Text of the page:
When women are "underrrepresented" in science, Time does a cover story calling for redress.
When women are "underrepresented" in high-level corporate positions, Time calls for redress.
But when men are "underrepresented"--in the most important category of all: whether they live (Men live 5.4 years shorter than women, dying earlier of 9 of the 10 leading causes of death), what does Time do? Routinely write about women's health., e.g, this week's TimeHealth: The Advocates, described in that issue's table of contents as: "Our latest wellness checkup surveys the state of women's health."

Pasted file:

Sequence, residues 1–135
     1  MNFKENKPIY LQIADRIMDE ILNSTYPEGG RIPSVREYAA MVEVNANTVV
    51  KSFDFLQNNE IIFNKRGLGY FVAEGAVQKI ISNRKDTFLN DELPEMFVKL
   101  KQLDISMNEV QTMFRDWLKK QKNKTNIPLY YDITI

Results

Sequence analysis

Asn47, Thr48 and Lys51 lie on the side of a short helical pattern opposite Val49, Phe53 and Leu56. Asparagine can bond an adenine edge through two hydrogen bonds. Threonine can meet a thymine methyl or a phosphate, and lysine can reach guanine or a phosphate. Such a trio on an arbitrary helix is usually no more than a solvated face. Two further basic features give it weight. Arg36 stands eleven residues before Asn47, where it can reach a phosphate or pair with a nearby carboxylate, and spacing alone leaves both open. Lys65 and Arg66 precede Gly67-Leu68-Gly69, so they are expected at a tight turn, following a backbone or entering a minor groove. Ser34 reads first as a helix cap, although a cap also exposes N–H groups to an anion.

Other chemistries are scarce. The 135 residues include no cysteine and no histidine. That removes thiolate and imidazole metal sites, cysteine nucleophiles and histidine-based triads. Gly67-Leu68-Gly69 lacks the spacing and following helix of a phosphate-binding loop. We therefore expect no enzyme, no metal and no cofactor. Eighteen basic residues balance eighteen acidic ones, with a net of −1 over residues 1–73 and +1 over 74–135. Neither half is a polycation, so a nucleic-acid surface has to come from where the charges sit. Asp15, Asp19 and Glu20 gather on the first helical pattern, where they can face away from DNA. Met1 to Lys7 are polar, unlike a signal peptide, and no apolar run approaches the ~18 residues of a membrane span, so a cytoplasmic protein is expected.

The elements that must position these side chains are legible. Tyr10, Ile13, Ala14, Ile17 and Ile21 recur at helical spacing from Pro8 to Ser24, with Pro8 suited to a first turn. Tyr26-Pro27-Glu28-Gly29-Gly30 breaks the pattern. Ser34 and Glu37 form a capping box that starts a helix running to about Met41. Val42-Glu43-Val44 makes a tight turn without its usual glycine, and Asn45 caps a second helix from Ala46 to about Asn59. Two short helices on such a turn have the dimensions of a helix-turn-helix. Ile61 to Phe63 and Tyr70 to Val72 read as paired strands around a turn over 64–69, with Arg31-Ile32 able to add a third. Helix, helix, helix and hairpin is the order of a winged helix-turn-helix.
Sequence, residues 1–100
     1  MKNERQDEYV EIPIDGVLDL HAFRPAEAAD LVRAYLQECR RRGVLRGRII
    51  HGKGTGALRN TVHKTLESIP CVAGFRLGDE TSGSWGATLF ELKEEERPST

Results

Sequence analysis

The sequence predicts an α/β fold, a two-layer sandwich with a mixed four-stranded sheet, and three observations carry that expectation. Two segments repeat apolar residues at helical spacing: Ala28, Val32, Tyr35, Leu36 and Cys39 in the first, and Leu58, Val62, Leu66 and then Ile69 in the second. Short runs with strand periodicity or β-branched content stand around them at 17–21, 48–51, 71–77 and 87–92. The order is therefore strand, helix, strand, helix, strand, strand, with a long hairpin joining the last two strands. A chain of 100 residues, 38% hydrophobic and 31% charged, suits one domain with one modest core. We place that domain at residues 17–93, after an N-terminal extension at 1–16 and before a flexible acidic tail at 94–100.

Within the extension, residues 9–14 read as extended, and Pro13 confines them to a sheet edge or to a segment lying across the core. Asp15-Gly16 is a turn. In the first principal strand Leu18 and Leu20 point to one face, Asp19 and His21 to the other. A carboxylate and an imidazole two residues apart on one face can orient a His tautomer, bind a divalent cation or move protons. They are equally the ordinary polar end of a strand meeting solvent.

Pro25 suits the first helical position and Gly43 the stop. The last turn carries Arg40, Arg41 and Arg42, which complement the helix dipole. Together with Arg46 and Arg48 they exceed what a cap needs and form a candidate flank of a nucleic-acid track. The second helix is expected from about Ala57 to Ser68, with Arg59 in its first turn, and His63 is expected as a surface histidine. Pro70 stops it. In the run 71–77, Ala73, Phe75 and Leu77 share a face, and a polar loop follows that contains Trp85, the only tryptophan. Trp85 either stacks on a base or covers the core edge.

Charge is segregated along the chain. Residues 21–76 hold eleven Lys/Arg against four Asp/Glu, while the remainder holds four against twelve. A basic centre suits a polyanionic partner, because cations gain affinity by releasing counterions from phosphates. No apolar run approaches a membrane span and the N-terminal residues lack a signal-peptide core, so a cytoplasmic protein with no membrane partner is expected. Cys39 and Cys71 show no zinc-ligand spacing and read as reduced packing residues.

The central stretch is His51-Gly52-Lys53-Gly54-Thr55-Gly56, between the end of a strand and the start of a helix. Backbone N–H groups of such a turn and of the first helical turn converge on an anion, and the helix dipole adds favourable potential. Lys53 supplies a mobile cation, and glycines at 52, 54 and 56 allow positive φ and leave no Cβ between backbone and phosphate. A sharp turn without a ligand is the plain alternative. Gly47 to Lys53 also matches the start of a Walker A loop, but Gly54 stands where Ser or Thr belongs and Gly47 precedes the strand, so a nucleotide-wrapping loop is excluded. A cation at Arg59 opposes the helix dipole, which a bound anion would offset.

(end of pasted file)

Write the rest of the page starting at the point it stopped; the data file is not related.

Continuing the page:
I searched Time 's archive for the last 50 years on the term "men's health" and found 34 listings. I then searched on "women's health" and found 148--that's 470% as many articles on women's health, even though men die 5.4 years younger.
Why the double standard? Because men visit the doctor less often? Would that justify not focusing on women who are, for example, obese?